Switzerland Approves Ban On Face Coverings In Public : NPR

On a poster in Lausanne it says “Stop extremism!” With a narrow majority of 51.2% on Sunday, the Swiss passed a new ban on face covering in public. Fabrice Coffrini / AFP via Getty Images Hide caption

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Fabrice Coffrini / AFP via Getty Images

On a poster in Lausanne it says “Stop extremism!” The Swiss passed a new ban on face covering in public on Sunday with a narrow majority of 51.2%.

Fabrice Coffrini / AFP via Getty Images

Swiss voters on Sunday approved a proposal to ban face coverings in public. Niqabs and burqas, which are worn by almost no one even among the country’s Muslim population, are banned outside of religious institutions. The new law does not apply to face coverings for health reasons.

Switzerland will join several European countries that have introduced bans on face coverings, including France, Denmark, the Netherlands and Austria.

The new legislation was put to a vote by a popular initiative from the country’s right-wing Egerkingen Committee, the same group that brought minarets banning charges over a decade ago, the Swiss Broadcasting Corporation reported. In 2017, the group submitted over 100,000 signatures to the government, demanding that the issue be submitted to a national vote.

The Swiss government rejected the nationwide initiative as excessive, arguing that such bans should be passed by individual regions, two of which already have a “burqa ban”.

With 51.2% of the Swiss votes in support of the proposal, the ban was hardly accepted by a majority. Only six of the country’s cantons, similar to states, voted against the proposal, according to the SBC.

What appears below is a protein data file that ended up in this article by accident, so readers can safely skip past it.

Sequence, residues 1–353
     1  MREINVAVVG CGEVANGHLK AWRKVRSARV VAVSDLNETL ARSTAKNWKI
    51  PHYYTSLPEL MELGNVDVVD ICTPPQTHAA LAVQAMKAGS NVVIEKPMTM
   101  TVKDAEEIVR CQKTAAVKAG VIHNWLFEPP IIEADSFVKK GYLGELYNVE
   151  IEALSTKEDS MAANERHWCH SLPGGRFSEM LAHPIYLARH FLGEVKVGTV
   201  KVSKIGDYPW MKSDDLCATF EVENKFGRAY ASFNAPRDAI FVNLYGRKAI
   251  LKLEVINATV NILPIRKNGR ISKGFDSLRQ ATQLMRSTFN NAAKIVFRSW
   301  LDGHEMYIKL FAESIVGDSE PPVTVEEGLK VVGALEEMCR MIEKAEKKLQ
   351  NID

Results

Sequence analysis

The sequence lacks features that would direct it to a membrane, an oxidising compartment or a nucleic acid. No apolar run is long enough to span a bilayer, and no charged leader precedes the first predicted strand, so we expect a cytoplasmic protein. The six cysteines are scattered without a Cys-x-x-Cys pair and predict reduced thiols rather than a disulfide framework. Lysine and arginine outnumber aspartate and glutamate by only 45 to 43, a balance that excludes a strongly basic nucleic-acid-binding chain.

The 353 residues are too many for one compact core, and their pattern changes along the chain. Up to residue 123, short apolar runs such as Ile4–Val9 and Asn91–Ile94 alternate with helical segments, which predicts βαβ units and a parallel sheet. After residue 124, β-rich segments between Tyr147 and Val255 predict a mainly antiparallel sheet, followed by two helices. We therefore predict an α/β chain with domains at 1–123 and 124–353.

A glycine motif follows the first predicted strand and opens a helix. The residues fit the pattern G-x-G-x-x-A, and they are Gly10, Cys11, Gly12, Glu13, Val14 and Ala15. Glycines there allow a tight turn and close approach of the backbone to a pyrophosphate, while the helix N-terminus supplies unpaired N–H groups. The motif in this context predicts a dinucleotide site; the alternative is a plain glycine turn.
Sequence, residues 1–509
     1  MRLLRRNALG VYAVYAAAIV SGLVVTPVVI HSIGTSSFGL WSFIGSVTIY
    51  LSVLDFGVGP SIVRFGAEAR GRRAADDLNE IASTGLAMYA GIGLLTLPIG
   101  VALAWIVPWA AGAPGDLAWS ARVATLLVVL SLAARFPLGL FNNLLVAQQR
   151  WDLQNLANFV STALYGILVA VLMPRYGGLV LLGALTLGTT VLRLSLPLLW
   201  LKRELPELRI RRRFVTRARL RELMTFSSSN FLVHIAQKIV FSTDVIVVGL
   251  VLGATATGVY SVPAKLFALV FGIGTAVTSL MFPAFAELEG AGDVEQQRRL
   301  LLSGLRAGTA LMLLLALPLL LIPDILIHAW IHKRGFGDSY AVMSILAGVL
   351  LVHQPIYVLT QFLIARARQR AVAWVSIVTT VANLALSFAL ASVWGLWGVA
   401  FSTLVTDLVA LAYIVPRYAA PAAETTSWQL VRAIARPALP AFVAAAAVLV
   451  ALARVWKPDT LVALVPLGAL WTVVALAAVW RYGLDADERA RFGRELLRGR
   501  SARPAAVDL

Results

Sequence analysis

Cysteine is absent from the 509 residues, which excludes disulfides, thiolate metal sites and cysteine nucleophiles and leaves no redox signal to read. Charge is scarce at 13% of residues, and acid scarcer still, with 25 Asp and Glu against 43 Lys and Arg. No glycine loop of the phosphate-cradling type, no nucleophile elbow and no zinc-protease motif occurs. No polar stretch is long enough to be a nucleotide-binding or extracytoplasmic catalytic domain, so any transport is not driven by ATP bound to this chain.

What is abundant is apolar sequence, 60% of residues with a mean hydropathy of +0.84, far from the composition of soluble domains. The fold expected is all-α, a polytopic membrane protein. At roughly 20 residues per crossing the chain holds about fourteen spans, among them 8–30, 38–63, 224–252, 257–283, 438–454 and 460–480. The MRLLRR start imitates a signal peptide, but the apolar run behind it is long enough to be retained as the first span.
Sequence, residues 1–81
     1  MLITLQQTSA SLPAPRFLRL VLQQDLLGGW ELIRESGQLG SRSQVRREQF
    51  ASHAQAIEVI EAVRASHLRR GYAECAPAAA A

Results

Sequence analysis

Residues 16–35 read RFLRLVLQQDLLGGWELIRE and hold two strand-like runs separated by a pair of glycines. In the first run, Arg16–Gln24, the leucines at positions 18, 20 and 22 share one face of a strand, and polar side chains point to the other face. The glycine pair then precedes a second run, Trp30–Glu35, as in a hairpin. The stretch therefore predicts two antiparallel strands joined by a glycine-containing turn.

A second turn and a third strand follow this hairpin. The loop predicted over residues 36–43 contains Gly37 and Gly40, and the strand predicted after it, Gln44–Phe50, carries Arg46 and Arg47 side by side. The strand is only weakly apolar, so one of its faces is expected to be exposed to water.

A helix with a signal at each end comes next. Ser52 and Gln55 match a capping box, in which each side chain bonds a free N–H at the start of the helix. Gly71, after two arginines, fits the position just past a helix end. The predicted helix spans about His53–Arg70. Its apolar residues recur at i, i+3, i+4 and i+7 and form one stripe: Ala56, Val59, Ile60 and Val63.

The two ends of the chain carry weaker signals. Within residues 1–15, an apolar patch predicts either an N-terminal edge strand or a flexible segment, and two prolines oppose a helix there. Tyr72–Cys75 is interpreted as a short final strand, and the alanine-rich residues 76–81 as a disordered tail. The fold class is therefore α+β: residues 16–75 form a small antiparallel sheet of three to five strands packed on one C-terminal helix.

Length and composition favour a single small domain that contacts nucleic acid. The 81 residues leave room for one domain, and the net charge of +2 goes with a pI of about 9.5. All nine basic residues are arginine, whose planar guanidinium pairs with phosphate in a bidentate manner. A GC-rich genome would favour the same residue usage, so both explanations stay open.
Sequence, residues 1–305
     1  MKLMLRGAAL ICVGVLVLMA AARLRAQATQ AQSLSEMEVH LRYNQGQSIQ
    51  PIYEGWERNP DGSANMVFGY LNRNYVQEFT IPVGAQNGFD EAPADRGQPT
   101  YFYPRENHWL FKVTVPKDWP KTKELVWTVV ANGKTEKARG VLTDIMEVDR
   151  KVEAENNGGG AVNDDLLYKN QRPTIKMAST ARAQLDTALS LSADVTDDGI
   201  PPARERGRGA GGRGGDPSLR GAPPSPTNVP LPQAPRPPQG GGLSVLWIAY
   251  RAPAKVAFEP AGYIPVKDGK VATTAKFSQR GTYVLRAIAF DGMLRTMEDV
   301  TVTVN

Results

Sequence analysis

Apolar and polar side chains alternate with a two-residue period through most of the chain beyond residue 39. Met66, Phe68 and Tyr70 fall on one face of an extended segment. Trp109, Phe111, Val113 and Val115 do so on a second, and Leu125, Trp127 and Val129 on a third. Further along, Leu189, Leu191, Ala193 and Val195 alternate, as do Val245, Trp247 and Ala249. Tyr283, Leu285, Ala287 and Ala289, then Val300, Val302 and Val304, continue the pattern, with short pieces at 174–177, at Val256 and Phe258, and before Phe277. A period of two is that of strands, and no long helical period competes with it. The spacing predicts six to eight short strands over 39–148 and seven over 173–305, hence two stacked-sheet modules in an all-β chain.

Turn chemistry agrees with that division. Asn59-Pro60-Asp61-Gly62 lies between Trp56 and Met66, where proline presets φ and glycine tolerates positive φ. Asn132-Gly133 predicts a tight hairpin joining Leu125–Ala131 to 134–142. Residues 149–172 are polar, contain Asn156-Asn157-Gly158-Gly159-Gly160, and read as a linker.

One of the biggest supporters of the initiative was the nationalist Swiss People’s Party, which welcomed the result of the vote and described the new measure as a “strong symbol in the fight against radical political Islam”.

“The burqa creates a barrier between the person who wears it and the environment and thus prevents integration into society,” said the president of the Swiss People’s Party, Marco Chiesa, in a statement.

Some feminist groups and progressive Muslims According to reports were supporters of the initiative, arguing that full face coverings suppress women.

Other groups felt that the new restriction was anti-Islamic and that women should not be told what to wear.

The Islamic Central Council of Switzerland said the results were “Islamophobic”.

“Today’s decision opens old wounds, expands the principle of legal inequality and sends a clear signal of exclusion to the Muslim minority,” said the Group wrote.

Researcher found that at most a few dozen Muslim women in Switzerland wear full face covers. About 5% of the 8.6 million inhabitants of Switzerland are Muslims. the BBC reported.

The Swiss authorities now have two years to draft the legislation. according to The Associated Press.


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